The issue with fen-phen (a combination of fenfluramine and phentermine) was an increased risk of primary pulmonary hypertension, an incurable condition that can take more than a decade to develop. Lawsuits were filed with patients claiming they developed primary pulmonary hypertension as a result of their use of fen-phen.
But some patients may have initially filed a lawsuit linked to injuries less serious than primary pulmonary hypertension, only to have their less serious injuries develop into life-threatening conditions.
As recently as 2012, a judge hearing lawsuits regarding fen-phen refused to dismiss those lawsuits from the courts, ruling that there was enough scientific evidence to show that primary pulmonary hypertension could develop more than a decade after the patient took fen-phen. Pfizer Inc - parent company to Wyeth - had argued that there was no evidence that taking fen-phen could cause primary pulmonary hypertension a decade later, and moved to dismiss two lawsuits.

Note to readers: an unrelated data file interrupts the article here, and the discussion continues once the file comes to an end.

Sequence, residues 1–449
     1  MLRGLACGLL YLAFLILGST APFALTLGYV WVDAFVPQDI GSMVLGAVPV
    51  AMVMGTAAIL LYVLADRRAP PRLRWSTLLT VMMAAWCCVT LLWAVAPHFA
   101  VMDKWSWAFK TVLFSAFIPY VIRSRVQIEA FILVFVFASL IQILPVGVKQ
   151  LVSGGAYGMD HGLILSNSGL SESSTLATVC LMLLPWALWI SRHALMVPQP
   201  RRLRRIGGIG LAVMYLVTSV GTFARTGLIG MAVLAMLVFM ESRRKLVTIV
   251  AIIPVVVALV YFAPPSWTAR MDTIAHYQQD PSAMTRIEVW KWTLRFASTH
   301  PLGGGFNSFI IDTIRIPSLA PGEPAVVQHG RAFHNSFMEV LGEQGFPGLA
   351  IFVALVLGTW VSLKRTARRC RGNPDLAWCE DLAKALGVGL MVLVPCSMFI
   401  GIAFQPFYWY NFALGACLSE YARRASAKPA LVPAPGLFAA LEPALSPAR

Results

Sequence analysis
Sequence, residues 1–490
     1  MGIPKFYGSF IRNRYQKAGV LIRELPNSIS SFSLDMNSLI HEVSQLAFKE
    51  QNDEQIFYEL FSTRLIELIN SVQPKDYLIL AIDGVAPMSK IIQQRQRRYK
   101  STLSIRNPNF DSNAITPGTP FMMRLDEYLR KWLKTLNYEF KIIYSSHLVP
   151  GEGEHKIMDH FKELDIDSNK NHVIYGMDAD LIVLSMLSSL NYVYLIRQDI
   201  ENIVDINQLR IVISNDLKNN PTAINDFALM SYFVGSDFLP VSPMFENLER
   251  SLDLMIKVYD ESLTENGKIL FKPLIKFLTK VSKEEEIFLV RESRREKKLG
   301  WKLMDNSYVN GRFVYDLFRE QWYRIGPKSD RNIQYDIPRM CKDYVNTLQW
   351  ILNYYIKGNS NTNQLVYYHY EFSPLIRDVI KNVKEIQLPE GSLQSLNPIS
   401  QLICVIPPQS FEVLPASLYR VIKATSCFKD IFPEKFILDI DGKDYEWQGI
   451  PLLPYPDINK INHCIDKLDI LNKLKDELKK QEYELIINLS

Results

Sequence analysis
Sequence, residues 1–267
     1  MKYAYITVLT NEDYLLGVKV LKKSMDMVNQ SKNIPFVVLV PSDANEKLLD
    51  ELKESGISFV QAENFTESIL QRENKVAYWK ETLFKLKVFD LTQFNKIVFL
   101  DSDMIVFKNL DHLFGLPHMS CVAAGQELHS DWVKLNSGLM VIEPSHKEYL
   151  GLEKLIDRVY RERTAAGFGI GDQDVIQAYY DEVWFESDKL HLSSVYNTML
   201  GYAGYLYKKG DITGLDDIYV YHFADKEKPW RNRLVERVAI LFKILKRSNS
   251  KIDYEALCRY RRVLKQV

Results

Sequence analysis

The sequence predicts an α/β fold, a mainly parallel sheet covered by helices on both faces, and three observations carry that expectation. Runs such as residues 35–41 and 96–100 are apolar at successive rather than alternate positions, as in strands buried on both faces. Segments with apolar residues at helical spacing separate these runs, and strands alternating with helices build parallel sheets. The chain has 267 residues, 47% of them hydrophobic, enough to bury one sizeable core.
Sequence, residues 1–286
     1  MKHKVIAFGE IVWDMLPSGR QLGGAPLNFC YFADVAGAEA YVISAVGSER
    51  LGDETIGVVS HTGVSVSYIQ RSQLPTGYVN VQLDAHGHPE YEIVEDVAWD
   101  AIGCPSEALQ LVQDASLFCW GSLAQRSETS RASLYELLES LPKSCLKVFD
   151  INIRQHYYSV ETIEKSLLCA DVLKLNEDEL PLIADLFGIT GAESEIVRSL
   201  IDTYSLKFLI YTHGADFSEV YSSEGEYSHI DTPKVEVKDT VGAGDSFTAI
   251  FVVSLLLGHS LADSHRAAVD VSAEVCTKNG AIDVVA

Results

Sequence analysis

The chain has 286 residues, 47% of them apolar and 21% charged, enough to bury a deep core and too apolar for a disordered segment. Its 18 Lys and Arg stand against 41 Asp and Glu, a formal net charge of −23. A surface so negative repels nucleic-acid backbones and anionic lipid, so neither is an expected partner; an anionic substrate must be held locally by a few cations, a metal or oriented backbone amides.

But Judge Bartle ruled that expert testimony for the plaintiffs was based on reasonable medical evidence. As a result, the judge refused to dismiss the lawsuits and further refused to exclude the expert testimony, though he did note that it is up to a jury to determine if taking fen-phen resulted in the development of primary pulmonary hypertension.
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In most situations, the statute of limitations begins running at the point when a patient knows or should have known that the drug did or could cause injury. Patients who were not immediately harmed by fen-phen can still argue they did not know they were injured by the drug until recently and therefore may be able to file a lawsuit.
The lawsuit is In re Diet Drugs Products Liability Litigation, MDL No. 1203, US District Court, Eastern District of Pennsylvania.